This morning I awoke to the most miserable, pessimistic, sad bunch of headlines about the European Union and Brexit that I can recall in quite some time. This Bloomberg quote sums up the mood perfectly:
EU President Donald Tusk goes so far as to say that [Brexit] could spell the end of “western political civilization itself.”
Oh F’ me. The end of western political civilization itself? Because Britain has decided not to be ruled by a bunch of bureaucrats in Brussels? You have to be shitting me. The scare tactics employed by the remain camp have gone too far. And if their union is so fragile that a country leaving, one that does not even share a common currency, can bring it all crashing down, then it probably wasn’t destined to survive anyway.
I try to avoid discussing politics as all that should interest us as traders is what is instead of what should be, but in this case it might be difficult for me to hold my tongue. I strongly believe countries should not cede their sovereignty in any way to other countries. I am Canadian and as much as I love our southern neighbour, there are too many areas where our policies differ for us to merge together. Americans wouldn’t dream of adopting some of Canada’s more “socialistic” policies, and I couldn’t imagine giving them up. We have an extensive free trade agreement with the US, and we coordinate policies where our interests align, but any perceived advantages by merging are simply not worth it. So it’s not hard to see which camp I come down on in terms of Brexit.
But whether I agree or disagree with Britain leaving the EU doesn’t matter one iota. All that matters is what the market believes. And suddenly the market is extremely concerned.
The selling in the European stocks has been relentless:
And this no bid vacuum whoosh lower has happened when the ECB was busy writing monster blue tickets in the corporate bond market.
Not to be outdone, this morning the German 10 year bund finally cracked the 0% barrier and proceeded to go parabolic from there:
I have been stressing that the Brexit outcome is not as bad as the market believes, but so far that has been an absolute terrible call. I am talking “forced to watch Toronto Maple Leafs hockey” kind of bad.
Although I have read some well thought out pieces that outline the cost of leaving the EU, I still contend the sight of the needle is worse than the pin prick. Yet that doesn’t matter right now, as the markets are busy pricing in the worse.
The market is no longer trading on anything but fear. But I do want to point something out. If the market was truly worried about Brexit hurting the British economy, wouldn’t the Pound be getting smoked against a stronger euro? Yet when I stare at the screen this morning, the pound is down 0.37% and the Euro is down 0.67%. The unwind is not occurring in Britain, but instead capital is fleeing the entire EU. And that is why German 10 year bunds have broken below zero. German bunds are the ultimate European “riskless” asset. With all the scare mongering, capital has become extremely fearful.
Now maybe I am wrong. Maybe Britain voting to leave the EU will prove the tipping point in this whole European monetary experiment. Maybe after June 23rd, it will all unravel astonishingly quickly. But I somehow doubt it.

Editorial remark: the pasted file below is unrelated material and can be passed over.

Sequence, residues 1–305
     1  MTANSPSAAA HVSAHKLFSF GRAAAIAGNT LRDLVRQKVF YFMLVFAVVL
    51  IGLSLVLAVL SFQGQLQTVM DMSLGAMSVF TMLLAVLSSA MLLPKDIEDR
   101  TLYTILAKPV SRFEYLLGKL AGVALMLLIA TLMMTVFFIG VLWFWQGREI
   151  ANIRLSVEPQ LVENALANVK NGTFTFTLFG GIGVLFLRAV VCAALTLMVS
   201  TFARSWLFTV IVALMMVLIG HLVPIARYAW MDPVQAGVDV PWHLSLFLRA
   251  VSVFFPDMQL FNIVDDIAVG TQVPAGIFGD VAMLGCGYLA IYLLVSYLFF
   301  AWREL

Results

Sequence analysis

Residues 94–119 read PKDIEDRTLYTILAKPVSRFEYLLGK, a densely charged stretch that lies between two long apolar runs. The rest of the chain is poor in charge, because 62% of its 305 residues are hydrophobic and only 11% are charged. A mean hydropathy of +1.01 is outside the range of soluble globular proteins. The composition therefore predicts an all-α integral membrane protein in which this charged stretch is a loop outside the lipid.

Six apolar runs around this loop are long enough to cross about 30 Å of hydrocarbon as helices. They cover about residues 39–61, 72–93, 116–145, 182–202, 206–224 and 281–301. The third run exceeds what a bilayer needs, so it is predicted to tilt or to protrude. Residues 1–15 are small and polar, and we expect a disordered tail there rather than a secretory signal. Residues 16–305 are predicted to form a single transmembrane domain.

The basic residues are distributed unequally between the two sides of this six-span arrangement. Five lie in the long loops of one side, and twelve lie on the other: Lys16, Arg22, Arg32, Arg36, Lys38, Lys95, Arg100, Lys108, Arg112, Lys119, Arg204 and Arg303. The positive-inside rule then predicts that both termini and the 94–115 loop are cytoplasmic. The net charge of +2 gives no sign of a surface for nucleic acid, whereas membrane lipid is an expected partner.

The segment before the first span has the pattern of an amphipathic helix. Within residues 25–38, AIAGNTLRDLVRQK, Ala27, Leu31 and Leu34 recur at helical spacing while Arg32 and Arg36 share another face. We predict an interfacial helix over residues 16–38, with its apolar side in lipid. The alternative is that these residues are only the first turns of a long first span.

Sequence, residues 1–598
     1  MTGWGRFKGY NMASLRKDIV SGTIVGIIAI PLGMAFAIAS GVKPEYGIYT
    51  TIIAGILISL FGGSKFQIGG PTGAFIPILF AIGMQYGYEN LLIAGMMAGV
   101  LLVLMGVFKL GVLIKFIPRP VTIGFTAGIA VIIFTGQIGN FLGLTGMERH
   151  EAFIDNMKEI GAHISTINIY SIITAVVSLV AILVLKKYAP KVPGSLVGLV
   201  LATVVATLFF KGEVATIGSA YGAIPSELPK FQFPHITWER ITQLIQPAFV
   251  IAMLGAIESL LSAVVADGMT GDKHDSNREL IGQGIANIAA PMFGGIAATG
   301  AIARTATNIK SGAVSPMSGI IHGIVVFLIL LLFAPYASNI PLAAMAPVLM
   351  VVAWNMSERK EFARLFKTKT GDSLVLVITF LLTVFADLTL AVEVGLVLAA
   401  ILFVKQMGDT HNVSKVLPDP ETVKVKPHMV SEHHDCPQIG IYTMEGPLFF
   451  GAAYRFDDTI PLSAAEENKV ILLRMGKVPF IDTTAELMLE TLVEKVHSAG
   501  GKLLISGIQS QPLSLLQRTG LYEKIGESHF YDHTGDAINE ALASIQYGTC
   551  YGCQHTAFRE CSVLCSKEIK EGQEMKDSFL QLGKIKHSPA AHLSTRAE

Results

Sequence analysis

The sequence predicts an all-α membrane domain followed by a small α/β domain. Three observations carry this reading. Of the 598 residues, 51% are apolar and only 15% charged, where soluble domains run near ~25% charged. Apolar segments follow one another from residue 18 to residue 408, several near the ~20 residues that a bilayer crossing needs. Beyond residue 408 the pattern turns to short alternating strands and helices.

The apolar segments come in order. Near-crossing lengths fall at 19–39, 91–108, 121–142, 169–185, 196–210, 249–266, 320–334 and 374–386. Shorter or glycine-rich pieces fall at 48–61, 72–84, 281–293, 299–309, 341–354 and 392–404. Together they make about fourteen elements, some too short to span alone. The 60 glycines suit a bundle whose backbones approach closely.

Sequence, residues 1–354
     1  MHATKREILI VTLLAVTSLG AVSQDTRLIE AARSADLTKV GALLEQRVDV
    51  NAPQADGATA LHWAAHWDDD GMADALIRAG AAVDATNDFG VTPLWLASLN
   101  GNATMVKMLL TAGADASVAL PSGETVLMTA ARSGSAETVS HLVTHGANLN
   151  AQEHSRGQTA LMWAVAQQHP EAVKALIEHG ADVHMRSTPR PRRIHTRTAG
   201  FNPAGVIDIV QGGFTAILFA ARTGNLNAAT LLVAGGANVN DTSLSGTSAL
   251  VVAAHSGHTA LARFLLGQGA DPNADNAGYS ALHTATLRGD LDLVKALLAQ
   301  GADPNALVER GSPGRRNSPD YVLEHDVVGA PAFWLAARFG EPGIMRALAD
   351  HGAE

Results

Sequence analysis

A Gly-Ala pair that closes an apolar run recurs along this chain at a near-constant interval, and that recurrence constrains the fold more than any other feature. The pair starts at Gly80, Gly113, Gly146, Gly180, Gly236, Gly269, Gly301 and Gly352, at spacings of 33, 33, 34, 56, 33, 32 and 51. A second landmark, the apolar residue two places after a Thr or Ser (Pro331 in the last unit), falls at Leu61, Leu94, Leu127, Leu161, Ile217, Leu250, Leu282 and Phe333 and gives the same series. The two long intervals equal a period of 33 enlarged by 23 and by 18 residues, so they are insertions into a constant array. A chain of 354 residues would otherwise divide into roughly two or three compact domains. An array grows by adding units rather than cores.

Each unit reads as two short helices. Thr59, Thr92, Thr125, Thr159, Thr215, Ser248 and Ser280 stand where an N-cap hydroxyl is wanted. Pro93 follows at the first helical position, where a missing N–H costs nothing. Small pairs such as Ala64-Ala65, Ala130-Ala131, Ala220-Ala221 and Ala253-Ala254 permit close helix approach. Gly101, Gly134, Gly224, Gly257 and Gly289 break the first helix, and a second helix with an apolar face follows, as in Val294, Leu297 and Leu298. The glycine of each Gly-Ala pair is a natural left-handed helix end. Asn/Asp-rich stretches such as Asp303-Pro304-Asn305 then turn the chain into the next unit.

Regardless of the vote, I still contend it will be anti-climatic. Even a leave result will not change anything overnight. And then the long hard process of negotiating an exit will begin. But no money manager will have to sell an asset because of a worry about solvency. No one will be reneging on a debt. This is so much different than all the other European crises.
And we have Draghi with his huge stack of blue tickets. Although they deny having a plan for fear it might be leaked, you can bet your last Euro the ECB will not sit idly by while their beloved EU crashes. For that matter, there can be no doubt that all Central Banks have contingency plans.
Right now, they are patiently sitting on the sidelines, waiting for their moment to pounce.
But make no mistake, they are ready to act. There are simply too many signs of real stress in the financial markets for them not to be worried.
Have a look at the ECB’s favourite indicator of long term inflation expectations:
This indicator is ticking at new lows. The fear of the deflationary vicious circle accelerating has to be alarming even to the Germans.
This is causing huge stress in the financial markets. The European Bank index is bumping along at levels last seen during the mini-crisis of the “Coco” bonds:
The Central Banks (including the Federal Reserve) are watching these developments closely. They are biding their time, knowing it is pointless to react before the actual June 23rd vote. In fact, given that most Central Banks are supportive of the monetary union, it probably makes sense for them help the remain camp by allowing markets to get as ugly as possible in the days leading up to the vote.
So we have this terrible self reinforcing feedback loop of European selling begetting more European selling. There is no reason to buy, so no one does. And we drip lower. Which only emboldens the bears all the more. Which then causes, more selling, and so on…
This fear of Brexit ends up paralyzing the entire market. I don’t know how the vote will play out, but I am confident it won’t be anywhere near as bad as the market fears.
VIX and Pound volatility
One of my buddies sent me a great tweet of a chart by Cyril Castelli.
It is interesting how over the past couple of weeks, the VIX and the GBP volatility have diverged. Although there is a good chance VIX is cheap, maybe pound volatility is too high? I know everyone will look at this chart and want to buy VIX, but at least sell some pound vol on the other side.
Thanks for reading,